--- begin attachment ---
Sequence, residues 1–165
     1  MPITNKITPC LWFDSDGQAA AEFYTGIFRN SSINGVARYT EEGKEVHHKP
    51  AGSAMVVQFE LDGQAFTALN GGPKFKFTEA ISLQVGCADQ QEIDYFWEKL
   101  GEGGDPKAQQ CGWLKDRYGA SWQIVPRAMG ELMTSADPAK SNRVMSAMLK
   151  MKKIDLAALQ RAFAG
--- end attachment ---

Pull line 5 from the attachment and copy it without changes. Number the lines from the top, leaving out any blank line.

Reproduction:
   151  MKKIDLAALQ RAFAG